Amy Goodman: Speaking Truth to Power

amyg copy

This March, for Women’s History Month, the Ms. Blog is profiling Wonder Women who have made history—and those who are making history right now. Join us each day as we bring you the stories of iconic and soon-to-be-famous feminist change-makers.

“The role of reporters is to go to where the silence is and say something.” – Amy Goodman

Journalists play a special role in history. They don’t just participate in the happenings of a time, but record it for posterity. This is precisely why independent media is so important. If we only have corporate network news clips when recalling pivotal events, we will have a very myopic view of our past indeed.

Amy Goodman is a journalist who uncompromisingly fulfills her responsibility. As the host and executive producer of the radio broadcast Democracy Now! for the last 19 years, she and her news team often get to stories first and interview valuable sources so that the public can get a well-rounded story.

Layout 1_Page 1

Amy’s childhood experiences set the stage for her interest in fairness and justice. According to an interview in Frontline, she explains that her father was passionate about the integration of schools when she was growing up in the 1970s, even though it was an unpopular stance, and her mother’s family was long committed to social justice. She says, “I grew up in a political household. My parents were peace activists in Bay Shore, Long Island. … My mother taught women’s history and literature in college and went on to become a social worker. They were great role models for me.” This clearly passed on to all of the children in her family: In 2008, she co-wrote a book with her brother, David Goodman, (a contributing writer at Mother Jones), called Standing Up to the Madness: Ordinary Heroes in Extraordinary Times about modern activists.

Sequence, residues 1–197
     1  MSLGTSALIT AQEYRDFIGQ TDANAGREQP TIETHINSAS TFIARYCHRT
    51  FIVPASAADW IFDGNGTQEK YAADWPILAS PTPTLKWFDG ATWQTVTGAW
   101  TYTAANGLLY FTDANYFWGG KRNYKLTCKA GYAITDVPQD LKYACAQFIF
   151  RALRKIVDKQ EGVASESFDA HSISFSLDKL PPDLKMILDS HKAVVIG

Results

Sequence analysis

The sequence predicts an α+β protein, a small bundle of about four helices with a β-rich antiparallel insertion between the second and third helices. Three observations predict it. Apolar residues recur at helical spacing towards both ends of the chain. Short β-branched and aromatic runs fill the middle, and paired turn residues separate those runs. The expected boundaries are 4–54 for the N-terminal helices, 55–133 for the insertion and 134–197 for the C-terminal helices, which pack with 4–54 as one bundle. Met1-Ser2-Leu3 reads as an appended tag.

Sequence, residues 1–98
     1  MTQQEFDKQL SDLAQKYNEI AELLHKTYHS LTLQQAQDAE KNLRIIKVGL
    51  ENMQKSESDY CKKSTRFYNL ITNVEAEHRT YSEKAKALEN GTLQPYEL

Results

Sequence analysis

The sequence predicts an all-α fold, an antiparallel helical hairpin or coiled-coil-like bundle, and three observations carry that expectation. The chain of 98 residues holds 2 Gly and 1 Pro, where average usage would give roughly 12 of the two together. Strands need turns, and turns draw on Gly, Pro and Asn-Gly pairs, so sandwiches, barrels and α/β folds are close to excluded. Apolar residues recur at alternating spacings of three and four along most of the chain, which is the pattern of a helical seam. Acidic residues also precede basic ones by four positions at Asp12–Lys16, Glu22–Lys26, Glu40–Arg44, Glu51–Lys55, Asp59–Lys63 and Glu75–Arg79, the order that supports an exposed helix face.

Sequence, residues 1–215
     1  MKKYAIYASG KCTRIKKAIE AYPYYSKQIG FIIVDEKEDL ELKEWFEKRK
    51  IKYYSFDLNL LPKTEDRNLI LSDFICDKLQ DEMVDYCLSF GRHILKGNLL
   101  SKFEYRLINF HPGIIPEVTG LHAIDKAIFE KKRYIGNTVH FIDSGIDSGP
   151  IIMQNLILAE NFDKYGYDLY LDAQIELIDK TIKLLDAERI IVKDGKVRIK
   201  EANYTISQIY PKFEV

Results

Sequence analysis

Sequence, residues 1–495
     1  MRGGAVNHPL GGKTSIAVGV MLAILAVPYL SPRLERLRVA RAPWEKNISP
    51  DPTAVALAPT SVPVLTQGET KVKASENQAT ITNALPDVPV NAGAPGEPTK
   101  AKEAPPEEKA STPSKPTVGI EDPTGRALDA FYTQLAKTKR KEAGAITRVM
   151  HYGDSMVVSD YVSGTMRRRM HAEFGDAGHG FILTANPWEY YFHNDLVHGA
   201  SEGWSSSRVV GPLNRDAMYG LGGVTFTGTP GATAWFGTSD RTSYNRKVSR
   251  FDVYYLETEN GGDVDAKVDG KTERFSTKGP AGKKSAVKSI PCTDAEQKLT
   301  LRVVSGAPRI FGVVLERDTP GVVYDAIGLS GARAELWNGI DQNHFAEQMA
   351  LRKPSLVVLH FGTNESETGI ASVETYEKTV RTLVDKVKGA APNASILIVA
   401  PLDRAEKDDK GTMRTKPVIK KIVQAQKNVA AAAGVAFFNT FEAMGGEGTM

Amy has had a lifelong calling as a journalist. She says in an interview with MAKERS that she began writing editorials against the unfair policies of her school administration when she was in high school—now, she says, she gets to hold world leaders accountable instead. After college, she produced an evening news show for the vanguard Pacifica Radio’s New York City station. In 1996, she was asked to host an election show. This show evolved into today’s Democracy Now!

As Amy tells MAKERS, “We need a media that provides a forum for people to speak for themselves.” Democracy Now! aims to be this forum. They give voice to the voiceless each day.

They bring up stories before the mainstream media is ready, and then those stories are picked up by major outlets so everyone can see them. One significant example was in 2011, when they interviewed leaders at Occupy Wall Street before it even began. In the past few weeks, they covered the death of Jessica Hernandez, an LGBT teen from Colorado who was killed by police officers, before most other outlets picked up the story or noted its significance. Their coverage included not just the police officers and national LGBT organizations, but also clips from other teens who were in the car. Democracy Now! also broadcast from Denver, the scene of the crime. Of course, with social media it’s possible to report from miles away, but getting on the streets when an incident occurs makes for stronger and more accurate journalism.

As an independent women’s media outlet, Ms. is proud of the path Amy has forged as a political reporter. She explains: “I hope [my work with Democracy Now!] is a role model for many young women journalists: that you can be independent, unembedded and that this is the way that journalism should operate.”

Our grandkids’ history lessons will be stronger because we have journalists like Amy Goodman.

Photo courtesy of Democracy Now




Alexa Salvato is an undergraduate journalism student at Ithaca College. She is a section editor for Buzzsaw magazine and the community outreach chair of Feminists United. She anticipates a future as a writer and educator.